The speaker roaster for IBM Insight 2014 looks impressive, and very “big data” oriented: Terry Jones – founder of Travelocity.com & Kayak.com and ex-CIO of Sabre, Netflix’ big data production House of Cards’s Frank Underwood – I mean, Kevin Spacey – and these are only the keynote speakers. Too bad I am not in Vegas this week… IBM always puts together a very good quality event.
I am however able to grab some sound bites from the event, thanks to the best friend of wannabe conference attendees in the 2010 decade: Twitter. With so many people I follow in attendance, it’s a bit hard to filter the signal from the noise, but I found some interesting thoughts to chew on.
I am not sure whether Ted tweeted a quote from a keynote speaker, or came to that realization during a session – I guess it does not really matter. But the concept is really interesting. It’s not how the business uses or produces (more) data, but how the data and the business merge to become one and the same.
In its initial stages of digitalization, the business becomes a producer of data and/or consumes this data and data produced by others, to become more efficient or invent new processes. In more advanced forms, the business pivots and becomes data-driven.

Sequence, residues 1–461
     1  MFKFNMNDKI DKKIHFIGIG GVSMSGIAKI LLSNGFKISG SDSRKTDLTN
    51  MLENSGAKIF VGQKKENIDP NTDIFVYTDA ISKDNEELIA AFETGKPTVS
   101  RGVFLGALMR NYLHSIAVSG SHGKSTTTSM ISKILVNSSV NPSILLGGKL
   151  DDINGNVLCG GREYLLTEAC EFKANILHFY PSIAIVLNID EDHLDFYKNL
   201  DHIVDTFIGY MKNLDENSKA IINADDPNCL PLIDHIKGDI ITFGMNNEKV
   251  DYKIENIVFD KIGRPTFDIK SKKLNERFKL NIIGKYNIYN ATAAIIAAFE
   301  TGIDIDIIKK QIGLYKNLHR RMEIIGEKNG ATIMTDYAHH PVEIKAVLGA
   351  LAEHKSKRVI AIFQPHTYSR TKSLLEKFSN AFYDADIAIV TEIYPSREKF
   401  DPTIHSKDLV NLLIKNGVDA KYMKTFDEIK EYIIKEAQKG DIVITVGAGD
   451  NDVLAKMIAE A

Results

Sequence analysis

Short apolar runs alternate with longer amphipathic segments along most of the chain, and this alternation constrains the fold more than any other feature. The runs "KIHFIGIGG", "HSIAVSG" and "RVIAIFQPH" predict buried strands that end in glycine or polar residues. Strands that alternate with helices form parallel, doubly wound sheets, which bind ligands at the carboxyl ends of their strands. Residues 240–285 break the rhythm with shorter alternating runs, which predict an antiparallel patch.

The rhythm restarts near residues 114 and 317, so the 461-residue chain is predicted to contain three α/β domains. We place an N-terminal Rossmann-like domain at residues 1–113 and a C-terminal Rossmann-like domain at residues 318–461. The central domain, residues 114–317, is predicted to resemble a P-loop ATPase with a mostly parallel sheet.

The concept of data becoming the business and the business becoming data implies an ultimate stage of digitalization, one toward which digitalized businesses are tending. I am convinced that this ultimate stage is not just an idealistic yet impractical stage: for companies that were born digital, this is the essence of their business model. These companies never had to pivot, neither had they to aspire to a digitalized state – by design or by accident, they were born in that state.
The question is: is this ultimate stage of digitalization reachable by businesses that were not born digital, but are just becoming digitalized?